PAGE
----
Monday, September 26, 2016

Perfectionism vs Repentance in Witnessing

Sometimes I can feel like if I'm not living perfectly, then I'm being a bad witness for Christ.

Of course, as we're living in the already but not yet, there is still indwelling sin within each one of us, so until I die, or Christ returns, I will still sin. This means that perfectionism is not possible, and Jesus doesn't expect me to live a perfect life.

So my neighbours and non-Christian friends won't be able to see a perfect person in this life (other than Christ). Instead what I can show them hopefully is a repentant person who is gradually changing.

Rather than trying to be perfect witnesses, I'm trying to be honest about my failings, and my sin, and instead demonstrate continual repentance. A repentance that shows how amazing Jesus is, that he's freed me up to be able to admit my sin, and that he's provided forgiveness so that I can openly repent, not fearing punishment.

Monday, September 19, 2016

Power & Prejudice in the Church today

When I was abused as a child by someone more powerful than me, I tried to use my voice to speak out against it, but I was shut up. When I went to a teacher who had the power to stop it, he did nothing.

As God's image bearers we have power and voice. Like Adam we're given power to serve and protect (work and keep the garden). Like Adam we're also given a voice to use this power (naming animals and his wife). The affects of the fall however messes up our power and voices.

In my case, my childhood voice was ineffective because it wasn't listened to. In my teacher's case, he had the power to protect me, but he didn't use his power to protect me, and he didn't allow my voice to be powerful.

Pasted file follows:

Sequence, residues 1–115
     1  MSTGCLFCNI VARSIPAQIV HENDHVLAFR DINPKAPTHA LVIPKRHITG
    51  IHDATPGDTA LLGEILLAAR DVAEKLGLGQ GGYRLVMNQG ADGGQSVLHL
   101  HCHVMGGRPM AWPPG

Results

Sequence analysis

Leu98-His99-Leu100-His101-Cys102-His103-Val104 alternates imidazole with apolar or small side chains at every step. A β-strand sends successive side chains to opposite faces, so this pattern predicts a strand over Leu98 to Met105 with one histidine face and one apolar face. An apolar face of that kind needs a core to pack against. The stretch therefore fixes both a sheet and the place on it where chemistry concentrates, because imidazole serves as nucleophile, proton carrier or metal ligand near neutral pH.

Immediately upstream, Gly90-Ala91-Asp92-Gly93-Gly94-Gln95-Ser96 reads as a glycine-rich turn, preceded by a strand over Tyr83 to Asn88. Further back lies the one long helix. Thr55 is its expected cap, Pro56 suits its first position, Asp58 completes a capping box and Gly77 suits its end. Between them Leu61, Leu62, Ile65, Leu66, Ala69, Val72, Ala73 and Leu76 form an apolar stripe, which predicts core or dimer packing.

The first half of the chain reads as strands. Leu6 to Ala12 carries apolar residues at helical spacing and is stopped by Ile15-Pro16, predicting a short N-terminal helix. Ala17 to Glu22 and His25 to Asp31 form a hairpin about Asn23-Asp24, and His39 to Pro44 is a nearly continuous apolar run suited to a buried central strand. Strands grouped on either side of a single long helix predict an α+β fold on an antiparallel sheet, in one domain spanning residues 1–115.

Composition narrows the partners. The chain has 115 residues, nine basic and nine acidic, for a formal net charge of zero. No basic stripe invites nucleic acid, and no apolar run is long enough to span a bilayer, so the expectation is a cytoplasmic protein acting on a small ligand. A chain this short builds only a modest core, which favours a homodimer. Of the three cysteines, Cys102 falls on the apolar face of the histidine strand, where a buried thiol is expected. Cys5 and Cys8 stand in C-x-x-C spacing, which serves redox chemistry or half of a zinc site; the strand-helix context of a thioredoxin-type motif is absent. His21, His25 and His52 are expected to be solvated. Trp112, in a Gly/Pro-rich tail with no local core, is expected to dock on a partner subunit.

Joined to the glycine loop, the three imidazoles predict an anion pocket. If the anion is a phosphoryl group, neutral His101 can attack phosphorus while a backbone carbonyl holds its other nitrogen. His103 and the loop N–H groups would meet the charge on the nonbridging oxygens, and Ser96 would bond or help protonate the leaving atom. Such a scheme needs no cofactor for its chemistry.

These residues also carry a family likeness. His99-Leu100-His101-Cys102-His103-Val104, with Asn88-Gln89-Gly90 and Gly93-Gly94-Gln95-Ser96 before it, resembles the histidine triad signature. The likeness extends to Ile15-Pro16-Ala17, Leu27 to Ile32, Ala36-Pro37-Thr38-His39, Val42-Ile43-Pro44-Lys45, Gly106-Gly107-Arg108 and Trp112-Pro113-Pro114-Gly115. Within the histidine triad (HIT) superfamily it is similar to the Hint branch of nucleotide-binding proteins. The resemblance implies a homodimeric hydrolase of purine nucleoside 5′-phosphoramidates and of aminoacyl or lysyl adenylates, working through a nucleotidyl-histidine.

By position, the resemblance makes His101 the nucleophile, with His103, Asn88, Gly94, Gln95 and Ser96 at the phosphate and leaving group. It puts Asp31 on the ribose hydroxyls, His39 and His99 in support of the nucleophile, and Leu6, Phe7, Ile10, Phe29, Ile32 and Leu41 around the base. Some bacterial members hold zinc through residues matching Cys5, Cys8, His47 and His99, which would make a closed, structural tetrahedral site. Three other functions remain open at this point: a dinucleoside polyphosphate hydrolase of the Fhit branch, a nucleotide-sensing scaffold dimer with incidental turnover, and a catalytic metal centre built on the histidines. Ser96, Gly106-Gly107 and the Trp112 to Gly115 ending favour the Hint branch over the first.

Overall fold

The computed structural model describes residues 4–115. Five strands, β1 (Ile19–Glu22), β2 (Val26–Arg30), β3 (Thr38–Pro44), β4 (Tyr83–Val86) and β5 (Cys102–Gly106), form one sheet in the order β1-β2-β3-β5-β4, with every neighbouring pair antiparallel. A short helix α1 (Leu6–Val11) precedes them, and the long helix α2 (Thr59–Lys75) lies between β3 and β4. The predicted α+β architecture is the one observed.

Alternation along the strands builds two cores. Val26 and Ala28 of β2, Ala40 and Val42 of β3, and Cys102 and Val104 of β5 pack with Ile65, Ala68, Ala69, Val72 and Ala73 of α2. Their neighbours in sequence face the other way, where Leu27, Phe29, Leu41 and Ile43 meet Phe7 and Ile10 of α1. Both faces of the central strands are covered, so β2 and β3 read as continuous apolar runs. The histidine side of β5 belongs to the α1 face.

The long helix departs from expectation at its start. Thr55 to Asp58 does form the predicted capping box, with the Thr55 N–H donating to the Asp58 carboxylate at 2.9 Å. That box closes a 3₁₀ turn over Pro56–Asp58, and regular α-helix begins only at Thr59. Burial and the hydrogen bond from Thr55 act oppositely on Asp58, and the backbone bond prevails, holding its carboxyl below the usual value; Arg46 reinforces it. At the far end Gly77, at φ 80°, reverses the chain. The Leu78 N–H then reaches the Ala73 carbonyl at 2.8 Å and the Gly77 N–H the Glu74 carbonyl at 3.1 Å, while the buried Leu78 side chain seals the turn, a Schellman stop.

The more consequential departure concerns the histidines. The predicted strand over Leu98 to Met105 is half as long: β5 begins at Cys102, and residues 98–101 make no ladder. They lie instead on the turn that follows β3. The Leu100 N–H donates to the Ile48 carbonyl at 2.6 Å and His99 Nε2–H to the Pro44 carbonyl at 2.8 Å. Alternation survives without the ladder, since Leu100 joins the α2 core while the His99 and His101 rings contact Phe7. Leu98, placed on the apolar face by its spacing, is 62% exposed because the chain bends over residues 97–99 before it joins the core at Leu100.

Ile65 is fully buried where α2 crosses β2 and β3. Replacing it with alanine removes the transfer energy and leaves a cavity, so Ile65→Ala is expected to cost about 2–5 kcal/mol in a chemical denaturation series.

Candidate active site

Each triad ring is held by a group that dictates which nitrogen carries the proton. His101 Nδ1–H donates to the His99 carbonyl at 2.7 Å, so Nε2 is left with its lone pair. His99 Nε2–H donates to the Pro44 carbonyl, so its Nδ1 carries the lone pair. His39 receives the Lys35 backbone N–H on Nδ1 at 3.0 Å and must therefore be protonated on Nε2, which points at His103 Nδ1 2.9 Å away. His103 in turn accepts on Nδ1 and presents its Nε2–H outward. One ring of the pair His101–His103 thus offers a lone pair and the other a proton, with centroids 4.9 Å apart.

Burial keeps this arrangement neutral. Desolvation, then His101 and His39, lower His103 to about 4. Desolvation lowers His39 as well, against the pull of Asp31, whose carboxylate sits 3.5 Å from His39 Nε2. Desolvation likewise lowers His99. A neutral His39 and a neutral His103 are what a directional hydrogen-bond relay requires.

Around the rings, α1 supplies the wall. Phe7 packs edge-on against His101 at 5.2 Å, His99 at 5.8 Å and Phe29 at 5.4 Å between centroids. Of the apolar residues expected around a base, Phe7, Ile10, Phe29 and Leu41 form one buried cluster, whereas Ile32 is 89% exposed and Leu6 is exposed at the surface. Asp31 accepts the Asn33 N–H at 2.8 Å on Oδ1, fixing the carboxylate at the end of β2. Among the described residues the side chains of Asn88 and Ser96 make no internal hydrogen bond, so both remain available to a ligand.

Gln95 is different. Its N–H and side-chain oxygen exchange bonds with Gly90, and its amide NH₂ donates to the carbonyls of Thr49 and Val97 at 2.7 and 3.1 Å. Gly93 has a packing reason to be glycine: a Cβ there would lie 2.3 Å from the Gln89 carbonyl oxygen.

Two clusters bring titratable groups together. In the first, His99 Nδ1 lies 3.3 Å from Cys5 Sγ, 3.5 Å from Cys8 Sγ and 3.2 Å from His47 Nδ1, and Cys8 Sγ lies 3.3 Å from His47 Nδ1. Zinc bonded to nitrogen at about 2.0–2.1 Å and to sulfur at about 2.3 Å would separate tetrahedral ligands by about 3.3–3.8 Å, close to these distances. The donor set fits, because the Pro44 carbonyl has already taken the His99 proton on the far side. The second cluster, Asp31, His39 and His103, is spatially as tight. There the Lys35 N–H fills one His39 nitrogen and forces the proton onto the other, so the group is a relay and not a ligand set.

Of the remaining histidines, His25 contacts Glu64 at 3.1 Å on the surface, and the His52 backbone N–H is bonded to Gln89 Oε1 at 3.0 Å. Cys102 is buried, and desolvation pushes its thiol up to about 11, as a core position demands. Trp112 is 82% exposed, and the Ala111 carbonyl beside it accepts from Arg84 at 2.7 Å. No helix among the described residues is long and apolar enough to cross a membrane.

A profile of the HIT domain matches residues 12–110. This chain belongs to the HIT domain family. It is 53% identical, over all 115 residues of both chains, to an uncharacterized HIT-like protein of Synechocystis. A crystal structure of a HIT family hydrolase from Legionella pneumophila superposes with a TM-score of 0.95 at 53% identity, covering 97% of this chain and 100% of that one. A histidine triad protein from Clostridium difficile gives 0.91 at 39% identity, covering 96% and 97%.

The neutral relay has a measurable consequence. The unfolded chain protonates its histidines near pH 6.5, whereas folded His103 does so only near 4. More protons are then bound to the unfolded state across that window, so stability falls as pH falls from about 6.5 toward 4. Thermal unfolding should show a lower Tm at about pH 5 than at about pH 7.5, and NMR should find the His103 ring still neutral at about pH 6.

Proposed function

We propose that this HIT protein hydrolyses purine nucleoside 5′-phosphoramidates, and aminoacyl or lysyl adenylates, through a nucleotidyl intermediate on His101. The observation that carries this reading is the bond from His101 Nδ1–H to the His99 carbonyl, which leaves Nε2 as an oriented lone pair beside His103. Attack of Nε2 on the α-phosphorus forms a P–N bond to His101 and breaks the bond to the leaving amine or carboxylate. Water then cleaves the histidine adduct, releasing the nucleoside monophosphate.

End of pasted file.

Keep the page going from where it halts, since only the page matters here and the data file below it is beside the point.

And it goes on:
In churches today we sadly see the same pattern. People use their voices to speak out against misuses of power. These misuses of power come in a various forms of abuse; gossip and slander, legalism and heavy shepherding, excessive anger and violence, inappropriate relationships, and child abuse. The complainant's voices often get ignored by the people with the power to stop the misuse of power. The people with the power often don't use their power to stop the abuse, even when its someone else causing the abuse.

There's 4 ways I'd like to highlight this plays out in the western church:

1) Racial Injustice: If someone from an ethnic minority tries to speak out against a racial injustice, the majority culture who have the power to do something about it, often ignore their voice. They often fail to use their power to redeem the situation.

2) Class Prejudice: If someone from the lower classes (in the UK) tries to speak out against class prejudice and inequality, some of the upper classes tend to ignore their voice. The people who have power to change the inequality often don't and instead use their power to defend themselves.

3) Child Abuse: If a child or parent tries to speak out against abuse, some church leaders try to quieten those voices. The very people who could use their power to stop the abuse, try to cover it up instead.

4) General Offences: If a believer goes to another believer and says, 'I believe you sinned against me' (Matt 18). The other believer will sometimes fail to hear their voice, and fail to use their power to wrong the right. Instead, they might use their power and voice to defend themselves. They subsequently hold a power over the wounded person, as they refuse to repent and provide reconciliation and closure.